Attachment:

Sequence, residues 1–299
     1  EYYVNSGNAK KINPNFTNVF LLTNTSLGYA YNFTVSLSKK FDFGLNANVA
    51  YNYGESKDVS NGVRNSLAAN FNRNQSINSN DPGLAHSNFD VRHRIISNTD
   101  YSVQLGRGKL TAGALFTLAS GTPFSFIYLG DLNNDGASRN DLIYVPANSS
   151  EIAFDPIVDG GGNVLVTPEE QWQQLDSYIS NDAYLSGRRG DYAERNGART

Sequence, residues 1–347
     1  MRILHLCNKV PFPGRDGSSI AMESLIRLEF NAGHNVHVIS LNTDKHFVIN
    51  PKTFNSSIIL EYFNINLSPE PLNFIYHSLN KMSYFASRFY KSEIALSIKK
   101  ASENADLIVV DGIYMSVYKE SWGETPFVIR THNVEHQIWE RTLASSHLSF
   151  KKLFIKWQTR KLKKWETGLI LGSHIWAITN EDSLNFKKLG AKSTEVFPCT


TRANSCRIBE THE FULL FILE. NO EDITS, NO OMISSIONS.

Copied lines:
Sequence, residues 1–299
     1  EYYVNSGNAK KINPNFTNVF LLTNTSLGYA YNFTVSLSKK FDFGLNANVA
    51  YNYGESKDVS NGVRNSLAAN FNRNQSINSN DPGLAHSNFD VRHRIISNTD
   101  YSVQLGRGKL TAGALFTLAS GTPFSFIYLG DLNNDGASRN DLIYVPANSS
   151  EIAFDPIVDG GGNVLVTPEE QWQQLDSYIS NDAYLSGRRG DYAERNGART

Sequence, residues 1–347
     1  MRILHLCNKV PFPGRDGSSI AMESLIRLEF NAGHNVHVIS LNTDKHFVIN
    51  PKTFNSSIIL EYFNINLSPE PLNFIYHSLN KMSYFASRFY KSEIALSIKK
   101  ASENADLIVV DGIYMSVYKE SWGETPFVIR THNVEHQIWE RTLASSHLSF
   151  KKLFIKWQTR KLKKWETGLI LGSHIWAITN EDSLNFKKLG AKSTEVFPCT